*Studio Art credit is pending approval from the University of Montana art department. If for any reason, art credit is not approved, two credits in Climate Change Studies will be offered. WRFI anticipates credit will be approved and confirmed by January 1, 2023.

Southwest Climate Studio Art Course Description

Southwest Climate Studio Art: Change and Resilience in the American Southwest engages students in frontcountry camping across Northern and Western New Mexico. The course is split into two sections, each lasting about two weeks; the entire course is spent in a frontcountry setting, being vehicle supported. Some days include extended day hikes and throughout the course students will spend time engaging with community members, artists, and scientists throughout the region. Throughout the course, students will visit small rural towns and villages, as well as larger cities throughout New Mexico and also visit with local citizens, land managers, tribal members, elected officials, farmers, and ranchers. These guest speakers expose students to diverse perspectives on the landscapes and cultures of the area. During these visits, students will have the opportunity to re-supply with food and other basic supplies.
Students will read extensively about local relationships with climate and climate changes in the Southwest, learn some of the history and traditions behind regional art practices, experiment with various methods, and think critically about needs for communicating about climate within and between communities. Daily class discussions are complemented by meetings with local guest speakers, written assignments and art projects, and work exchanges within the community.

Southwest Climate Studio Art is an interdisciplinary course that attempts to provide a rich contextual view of the relationships and issues we study, emphasizing the contributions students can make with their direct experiences in the region and connections with diverse perspectives within the community. The course culminates with a public exhibition of students’ visual works, artist statements, and a final paper synthesizing student learning across the academic disciplines represented during the course.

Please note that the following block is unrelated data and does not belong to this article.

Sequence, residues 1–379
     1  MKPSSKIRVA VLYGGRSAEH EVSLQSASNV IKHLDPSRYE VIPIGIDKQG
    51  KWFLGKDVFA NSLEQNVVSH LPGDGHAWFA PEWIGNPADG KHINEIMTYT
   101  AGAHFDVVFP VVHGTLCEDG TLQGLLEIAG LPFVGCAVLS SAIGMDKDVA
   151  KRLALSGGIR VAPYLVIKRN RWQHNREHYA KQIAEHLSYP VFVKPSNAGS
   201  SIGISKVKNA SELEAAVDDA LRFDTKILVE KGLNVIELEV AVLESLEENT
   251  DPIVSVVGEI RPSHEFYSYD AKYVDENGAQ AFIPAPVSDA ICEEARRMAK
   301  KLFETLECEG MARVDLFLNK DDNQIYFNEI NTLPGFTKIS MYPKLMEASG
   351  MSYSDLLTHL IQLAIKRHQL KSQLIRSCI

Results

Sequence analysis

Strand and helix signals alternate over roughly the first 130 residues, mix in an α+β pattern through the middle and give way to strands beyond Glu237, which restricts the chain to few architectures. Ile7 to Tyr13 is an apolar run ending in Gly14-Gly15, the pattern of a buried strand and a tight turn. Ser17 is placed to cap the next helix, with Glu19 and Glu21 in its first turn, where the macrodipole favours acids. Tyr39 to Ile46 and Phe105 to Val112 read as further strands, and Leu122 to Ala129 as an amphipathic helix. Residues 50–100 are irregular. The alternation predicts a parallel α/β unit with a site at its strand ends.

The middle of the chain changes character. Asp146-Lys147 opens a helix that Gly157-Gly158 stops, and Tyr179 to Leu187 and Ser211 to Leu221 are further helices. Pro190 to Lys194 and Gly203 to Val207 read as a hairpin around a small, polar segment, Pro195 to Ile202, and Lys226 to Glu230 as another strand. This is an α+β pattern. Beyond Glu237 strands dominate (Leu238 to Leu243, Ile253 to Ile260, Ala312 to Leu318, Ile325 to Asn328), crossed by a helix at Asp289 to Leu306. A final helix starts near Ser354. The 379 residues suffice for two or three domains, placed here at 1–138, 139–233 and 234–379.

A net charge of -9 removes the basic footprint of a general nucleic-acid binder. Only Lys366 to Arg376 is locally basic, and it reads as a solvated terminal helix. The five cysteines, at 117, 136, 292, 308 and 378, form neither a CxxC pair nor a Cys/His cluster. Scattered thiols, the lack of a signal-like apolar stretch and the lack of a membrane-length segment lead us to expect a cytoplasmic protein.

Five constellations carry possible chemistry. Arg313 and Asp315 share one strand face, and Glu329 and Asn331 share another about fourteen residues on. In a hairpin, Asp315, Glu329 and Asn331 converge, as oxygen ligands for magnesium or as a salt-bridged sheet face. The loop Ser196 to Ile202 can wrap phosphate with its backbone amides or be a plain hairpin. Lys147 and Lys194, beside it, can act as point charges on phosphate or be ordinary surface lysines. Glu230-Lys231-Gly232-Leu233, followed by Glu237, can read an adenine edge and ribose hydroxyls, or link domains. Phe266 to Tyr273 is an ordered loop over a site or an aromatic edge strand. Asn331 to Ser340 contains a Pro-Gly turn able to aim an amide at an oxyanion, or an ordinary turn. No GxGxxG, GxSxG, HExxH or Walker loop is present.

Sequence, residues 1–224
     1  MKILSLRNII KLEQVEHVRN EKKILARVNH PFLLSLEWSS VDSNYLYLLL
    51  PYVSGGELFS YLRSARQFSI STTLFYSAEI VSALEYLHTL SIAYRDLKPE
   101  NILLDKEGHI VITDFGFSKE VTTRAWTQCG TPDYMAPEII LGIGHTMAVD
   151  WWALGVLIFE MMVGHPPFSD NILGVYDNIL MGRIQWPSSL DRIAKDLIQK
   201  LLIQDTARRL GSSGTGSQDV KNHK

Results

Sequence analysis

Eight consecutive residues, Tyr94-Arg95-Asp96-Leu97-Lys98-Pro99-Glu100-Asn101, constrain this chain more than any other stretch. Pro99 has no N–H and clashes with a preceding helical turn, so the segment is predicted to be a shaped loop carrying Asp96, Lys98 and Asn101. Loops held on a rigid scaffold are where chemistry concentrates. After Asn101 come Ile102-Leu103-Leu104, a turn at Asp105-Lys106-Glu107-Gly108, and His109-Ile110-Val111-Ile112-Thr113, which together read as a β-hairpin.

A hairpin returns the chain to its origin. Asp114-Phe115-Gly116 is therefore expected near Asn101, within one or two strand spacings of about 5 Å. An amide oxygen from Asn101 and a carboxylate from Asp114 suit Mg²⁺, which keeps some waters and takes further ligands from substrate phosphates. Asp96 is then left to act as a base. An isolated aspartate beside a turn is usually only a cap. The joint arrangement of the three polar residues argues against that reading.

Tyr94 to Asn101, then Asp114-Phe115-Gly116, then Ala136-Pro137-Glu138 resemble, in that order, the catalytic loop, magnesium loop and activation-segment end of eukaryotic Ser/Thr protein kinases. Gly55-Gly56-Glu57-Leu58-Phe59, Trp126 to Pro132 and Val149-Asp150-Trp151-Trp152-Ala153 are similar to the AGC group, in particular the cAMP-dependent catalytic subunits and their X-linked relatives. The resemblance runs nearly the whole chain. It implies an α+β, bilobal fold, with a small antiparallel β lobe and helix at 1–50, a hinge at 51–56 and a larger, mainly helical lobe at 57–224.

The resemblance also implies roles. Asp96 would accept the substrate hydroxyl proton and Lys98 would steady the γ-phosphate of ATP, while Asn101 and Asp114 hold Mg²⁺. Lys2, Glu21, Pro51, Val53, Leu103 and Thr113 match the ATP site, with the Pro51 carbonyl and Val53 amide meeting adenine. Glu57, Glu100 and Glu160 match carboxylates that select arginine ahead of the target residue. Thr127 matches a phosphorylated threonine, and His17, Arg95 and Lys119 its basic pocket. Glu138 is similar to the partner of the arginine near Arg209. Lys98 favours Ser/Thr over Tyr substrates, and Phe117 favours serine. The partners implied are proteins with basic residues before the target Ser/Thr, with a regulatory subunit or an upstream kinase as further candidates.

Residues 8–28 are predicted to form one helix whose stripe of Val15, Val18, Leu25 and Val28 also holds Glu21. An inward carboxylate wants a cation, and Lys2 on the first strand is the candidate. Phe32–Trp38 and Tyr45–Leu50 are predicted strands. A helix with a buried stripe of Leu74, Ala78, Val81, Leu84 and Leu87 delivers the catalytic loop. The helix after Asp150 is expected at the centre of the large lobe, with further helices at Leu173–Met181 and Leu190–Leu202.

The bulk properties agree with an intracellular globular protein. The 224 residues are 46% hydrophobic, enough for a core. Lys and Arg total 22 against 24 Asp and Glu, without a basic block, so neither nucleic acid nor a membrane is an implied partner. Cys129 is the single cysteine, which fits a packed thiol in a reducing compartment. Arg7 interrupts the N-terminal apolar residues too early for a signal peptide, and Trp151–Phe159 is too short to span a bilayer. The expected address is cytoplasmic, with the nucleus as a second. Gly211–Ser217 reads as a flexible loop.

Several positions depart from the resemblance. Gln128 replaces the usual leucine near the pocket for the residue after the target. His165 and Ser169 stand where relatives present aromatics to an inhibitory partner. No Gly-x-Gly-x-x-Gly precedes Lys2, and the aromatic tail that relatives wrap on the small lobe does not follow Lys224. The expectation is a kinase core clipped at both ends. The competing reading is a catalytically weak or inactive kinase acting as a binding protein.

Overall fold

Section One: Northern New Mexico

In Northern New Mexico, students will learn about climate resilience through community-centered agricultural traditions, Spanish and Indigenous artistic influences, and fire and water issues in the American West. Case studies include Acequia culture of small communities in the Sangre de Cristo mountains, fire ecology of the Valles Caldera, and water culture and the Cochiti Dam. Towards the end of Section One, students will focus on presenting preliminary studies for a body of creative work.

Section Two: Western New Mexico

In Section Two, students will visit sites of historic significance to Indigenous, Spanish, and American peoples and meet with Indigenous artists and leaders before spending five days at a remote base camp location with cabins, workshop space, and shared community to dive deep into their creative processes. During this time, students will have the opportunity to sink into their studio work. To round out the course, students will visit Chaco Canyon National Historic Park and return to Albuquerque where they will participate in a show of their work.

Pre/Post Course Work description

After the course, students will complete an academic paper reflecting on community climate resilience by answering the following questions:

  • How have and do communities respond to climate crises?
  • How does collective action impact climate outcomes?
  • How do modern and traditional ways of addressing climate intersect?
  • How is the story and data of climate change communicated today?